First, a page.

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VMware Fusion is a VMware product developed for Macintosh computers with Intel processors. VMware Fusion enables system administrators to run x86 and x86-64 operating systems simultaneously as guests that include Microsoft Windows (All), Linux, Solaris and NetWare as virtual machines, while the Mac operating system acts as a host OS on the physical machine.
VMware Fusion uses a combination of para-virtualization, dynamic recompilation, and emulation to make this happen.
Fusion is the first product launched by VMware for Macintosh virtualization.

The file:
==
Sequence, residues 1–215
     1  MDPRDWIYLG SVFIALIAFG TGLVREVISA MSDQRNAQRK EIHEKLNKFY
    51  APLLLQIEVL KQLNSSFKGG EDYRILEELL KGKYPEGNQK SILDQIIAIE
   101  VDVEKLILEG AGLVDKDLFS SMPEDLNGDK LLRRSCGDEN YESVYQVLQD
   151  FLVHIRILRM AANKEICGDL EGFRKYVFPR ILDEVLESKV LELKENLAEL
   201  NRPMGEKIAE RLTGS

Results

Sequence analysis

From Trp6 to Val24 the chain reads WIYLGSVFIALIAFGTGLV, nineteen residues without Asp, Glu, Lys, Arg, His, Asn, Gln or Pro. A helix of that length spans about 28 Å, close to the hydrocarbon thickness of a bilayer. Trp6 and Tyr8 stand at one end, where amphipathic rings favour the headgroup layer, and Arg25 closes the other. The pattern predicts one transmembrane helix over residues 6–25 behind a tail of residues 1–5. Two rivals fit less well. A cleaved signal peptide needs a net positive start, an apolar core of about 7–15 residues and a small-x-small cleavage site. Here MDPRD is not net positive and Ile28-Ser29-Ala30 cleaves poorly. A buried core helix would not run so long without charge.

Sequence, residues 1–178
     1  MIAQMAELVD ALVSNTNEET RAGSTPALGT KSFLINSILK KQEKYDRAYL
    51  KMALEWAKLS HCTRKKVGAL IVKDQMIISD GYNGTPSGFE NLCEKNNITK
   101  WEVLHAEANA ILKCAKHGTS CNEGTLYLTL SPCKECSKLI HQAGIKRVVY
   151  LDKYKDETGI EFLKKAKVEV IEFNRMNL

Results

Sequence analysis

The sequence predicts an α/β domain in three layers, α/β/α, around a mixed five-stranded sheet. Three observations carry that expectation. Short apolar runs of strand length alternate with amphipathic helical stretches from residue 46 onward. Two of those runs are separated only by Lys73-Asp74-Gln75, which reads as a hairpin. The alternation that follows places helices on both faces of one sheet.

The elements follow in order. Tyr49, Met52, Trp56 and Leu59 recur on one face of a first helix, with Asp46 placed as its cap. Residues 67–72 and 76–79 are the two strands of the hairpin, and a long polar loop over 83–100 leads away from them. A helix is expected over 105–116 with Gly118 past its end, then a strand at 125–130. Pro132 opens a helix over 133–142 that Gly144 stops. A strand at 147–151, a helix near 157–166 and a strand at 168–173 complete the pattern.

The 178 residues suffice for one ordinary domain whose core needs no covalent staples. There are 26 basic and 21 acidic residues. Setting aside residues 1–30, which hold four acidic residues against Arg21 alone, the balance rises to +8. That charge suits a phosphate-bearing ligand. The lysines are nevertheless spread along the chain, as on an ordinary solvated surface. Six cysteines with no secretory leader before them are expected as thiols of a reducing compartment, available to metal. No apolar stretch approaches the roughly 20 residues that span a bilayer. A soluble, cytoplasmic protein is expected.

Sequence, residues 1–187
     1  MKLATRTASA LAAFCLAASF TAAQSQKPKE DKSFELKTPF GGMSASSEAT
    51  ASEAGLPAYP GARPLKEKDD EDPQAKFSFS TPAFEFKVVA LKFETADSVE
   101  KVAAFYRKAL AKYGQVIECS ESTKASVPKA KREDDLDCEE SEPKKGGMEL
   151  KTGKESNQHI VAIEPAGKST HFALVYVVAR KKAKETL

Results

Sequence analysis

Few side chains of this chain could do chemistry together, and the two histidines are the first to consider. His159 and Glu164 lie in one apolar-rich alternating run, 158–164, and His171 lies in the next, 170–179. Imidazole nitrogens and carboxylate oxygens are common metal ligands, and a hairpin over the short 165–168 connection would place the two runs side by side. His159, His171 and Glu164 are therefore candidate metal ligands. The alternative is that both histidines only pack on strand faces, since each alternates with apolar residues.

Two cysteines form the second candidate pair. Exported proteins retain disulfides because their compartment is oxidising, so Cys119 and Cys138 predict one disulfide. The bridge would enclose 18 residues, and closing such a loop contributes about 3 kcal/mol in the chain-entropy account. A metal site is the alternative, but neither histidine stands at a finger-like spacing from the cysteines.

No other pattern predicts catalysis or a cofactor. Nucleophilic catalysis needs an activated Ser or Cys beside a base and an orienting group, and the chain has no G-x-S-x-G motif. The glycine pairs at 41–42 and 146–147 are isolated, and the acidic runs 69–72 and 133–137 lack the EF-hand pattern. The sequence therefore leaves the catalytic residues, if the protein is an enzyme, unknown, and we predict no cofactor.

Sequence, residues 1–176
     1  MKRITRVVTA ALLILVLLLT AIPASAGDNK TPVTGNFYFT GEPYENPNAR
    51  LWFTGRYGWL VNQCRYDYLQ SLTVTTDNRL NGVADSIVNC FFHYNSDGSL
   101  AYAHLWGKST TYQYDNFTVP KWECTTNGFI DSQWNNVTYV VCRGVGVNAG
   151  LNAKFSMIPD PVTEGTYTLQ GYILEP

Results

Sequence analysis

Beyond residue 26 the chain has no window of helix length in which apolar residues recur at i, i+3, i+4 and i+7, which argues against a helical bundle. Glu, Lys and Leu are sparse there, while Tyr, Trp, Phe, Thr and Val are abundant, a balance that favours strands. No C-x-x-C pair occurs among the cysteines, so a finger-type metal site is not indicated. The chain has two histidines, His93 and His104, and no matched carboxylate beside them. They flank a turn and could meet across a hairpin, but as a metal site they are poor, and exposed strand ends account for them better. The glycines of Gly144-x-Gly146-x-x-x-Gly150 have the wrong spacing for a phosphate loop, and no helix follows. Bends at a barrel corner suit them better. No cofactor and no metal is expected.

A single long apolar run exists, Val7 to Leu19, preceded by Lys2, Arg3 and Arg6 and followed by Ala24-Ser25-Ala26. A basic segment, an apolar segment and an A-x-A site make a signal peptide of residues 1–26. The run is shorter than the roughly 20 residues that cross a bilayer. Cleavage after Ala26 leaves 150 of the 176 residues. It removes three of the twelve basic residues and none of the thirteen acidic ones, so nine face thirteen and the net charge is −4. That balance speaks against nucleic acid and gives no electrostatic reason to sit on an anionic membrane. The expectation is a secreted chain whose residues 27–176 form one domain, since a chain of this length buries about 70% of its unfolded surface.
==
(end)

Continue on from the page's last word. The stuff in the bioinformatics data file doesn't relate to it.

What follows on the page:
In 2006, Macintosh decided to shift its architecture to Intel processors, which allow Mac computers to run different operating systems, including 64-bit OS. Now, administrators can run Microsoft Windows, Linux and Solaris over Mac computers running Mac OS using virtualization. It is for this purpose that VMware introduced Fusion in 2007.
Virtualization provides switching between different operating systems. As a result, older programs, operating systems and applications can be used to explore or reuse older data.
The following are the key features available with VMware Fusion.
VMware Fusion is extremely compatible. Virtual machines created with Fusion can also be used with other VMware products and vice versa.